Our Inaugural Lectures provide an opportunity to recognise and celebrate the achievements of our professors who are undertaking research and scholarship of international significance.
The lecture series offers an insight into the strength and vitality of the arts, humanities and social sciences at UCL, and is jointly hosted by UCL's Faculty of Social & Historical Sciences and Faculty of Arts & Humanities.
All our lectures are free to attend and open to all. You don't have to be a UCL staff member or student to come along.
You will need to reserve your place using the booking links below.
We look forward to meeting you at one of our events.
Keep up to date with details of future lectures - sign up to our public events mailing list to receive updates.
Anti-racism as Politics
Thursday 6 May 2021, 17:00-18:30
Paul Gilroy, Professor of the Humanities and Founding Director, Sarah Parker Remond Centre for the Study of Racism & Racialisation, delivers his Inaugural Lecture: 'Anti-racism as Politics'. With a welcome from UCL President & Provost Dr Michael Spence AC and commentary from Executive Deans, Professors Stella Bruzzi and Sasha Roseneil.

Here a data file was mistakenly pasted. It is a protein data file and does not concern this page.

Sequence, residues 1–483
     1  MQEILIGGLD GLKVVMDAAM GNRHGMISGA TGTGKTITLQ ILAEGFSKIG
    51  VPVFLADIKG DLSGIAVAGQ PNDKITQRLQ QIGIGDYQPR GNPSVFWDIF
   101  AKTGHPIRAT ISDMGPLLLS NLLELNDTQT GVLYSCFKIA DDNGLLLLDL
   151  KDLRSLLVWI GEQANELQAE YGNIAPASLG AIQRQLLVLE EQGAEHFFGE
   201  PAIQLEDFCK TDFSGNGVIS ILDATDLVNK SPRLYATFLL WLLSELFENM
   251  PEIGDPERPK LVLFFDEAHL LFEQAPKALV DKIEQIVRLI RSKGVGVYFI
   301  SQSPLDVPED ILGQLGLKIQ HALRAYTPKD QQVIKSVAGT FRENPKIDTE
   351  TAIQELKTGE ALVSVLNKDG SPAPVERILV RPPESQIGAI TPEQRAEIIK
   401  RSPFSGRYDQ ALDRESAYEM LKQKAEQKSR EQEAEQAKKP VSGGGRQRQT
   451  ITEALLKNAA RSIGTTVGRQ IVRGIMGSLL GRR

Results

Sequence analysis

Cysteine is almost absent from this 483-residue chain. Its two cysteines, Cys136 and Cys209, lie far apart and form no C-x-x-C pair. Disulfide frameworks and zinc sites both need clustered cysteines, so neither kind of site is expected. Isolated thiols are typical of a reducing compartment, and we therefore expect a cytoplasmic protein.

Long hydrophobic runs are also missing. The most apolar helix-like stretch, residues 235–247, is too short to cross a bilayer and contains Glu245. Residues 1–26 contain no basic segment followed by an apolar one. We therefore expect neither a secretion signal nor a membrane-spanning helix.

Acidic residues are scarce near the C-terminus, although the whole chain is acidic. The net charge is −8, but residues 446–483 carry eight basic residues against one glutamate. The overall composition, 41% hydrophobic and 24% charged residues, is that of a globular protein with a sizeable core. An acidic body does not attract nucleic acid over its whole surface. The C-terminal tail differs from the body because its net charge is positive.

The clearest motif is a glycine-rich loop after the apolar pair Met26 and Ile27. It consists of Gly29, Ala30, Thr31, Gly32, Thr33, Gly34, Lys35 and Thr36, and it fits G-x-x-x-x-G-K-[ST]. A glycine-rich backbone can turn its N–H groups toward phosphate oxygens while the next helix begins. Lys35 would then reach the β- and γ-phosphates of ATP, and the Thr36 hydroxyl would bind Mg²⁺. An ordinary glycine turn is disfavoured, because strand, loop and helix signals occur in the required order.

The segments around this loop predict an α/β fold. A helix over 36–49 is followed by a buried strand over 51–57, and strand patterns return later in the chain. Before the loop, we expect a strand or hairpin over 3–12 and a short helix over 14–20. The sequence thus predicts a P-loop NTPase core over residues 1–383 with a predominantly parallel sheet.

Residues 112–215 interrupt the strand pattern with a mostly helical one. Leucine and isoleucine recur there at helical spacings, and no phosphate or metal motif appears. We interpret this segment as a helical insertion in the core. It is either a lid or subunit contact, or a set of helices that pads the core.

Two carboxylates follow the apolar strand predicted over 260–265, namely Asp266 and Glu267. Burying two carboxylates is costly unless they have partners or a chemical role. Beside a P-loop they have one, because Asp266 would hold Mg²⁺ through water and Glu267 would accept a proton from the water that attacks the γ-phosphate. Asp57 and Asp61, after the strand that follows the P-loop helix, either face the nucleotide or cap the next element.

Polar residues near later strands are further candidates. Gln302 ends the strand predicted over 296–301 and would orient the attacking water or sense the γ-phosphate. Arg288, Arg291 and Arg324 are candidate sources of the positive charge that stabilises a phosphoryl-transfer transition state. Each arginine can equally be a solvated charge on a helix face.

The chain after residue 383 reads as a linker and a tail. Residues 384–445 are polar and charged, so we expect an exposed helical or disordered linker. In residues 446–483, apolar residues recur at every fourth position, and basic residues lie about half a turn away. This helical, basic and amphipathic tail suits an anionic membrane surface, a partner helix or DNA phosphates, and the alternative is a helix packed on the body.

This lecture will address aspects of my scholarly career as a researcher, in several disciplinary settings, into the problems presented by ethnic absolutism and the attachment to race. It will reflect critically on approaches to the study of racial hierarchy that reduce work in this difficult area to the examination of interpersonal relations or confine understanding of the political aspects of this critical work to the matter of identity alone.
Art Deco: A Literary Style?
Wednesday 2 June 2021, 13:00-14:00
Maria Rubins, Professor in Russian and Comparative Literature, UCL School of Slavonic and East European Studies, delivers her Inaugural Lecture: 'Art Deco: A Literary Style?'.
Despite its name, Art Deco was much more than a style in applied arts and architecture of the Jazz Age. Indeed, it could be seen as the first truly global, comprehensive cultural phenomenon, informing nearly all spheres of life, including social practices, fashion, cinematography, music, visual arts, ideological preferences, gender roles, and automobile design. Could literature have escaped its pervasive influence?
In her lecture, Professor Maria Rubins will explore Art Deco fiction and its distinctive narrative strategies, genres and thematic repertoire, shaped by new conceptions of commercial success. She will discuss interwar writers’ ironic and ambivalent response to the ethos of hedonism, consumerism, the cult of speed, and the apparent dominance of cinema over other artistic media. Finally, she will consider why no subsequent style has achieved the same degree of cultural supremacy.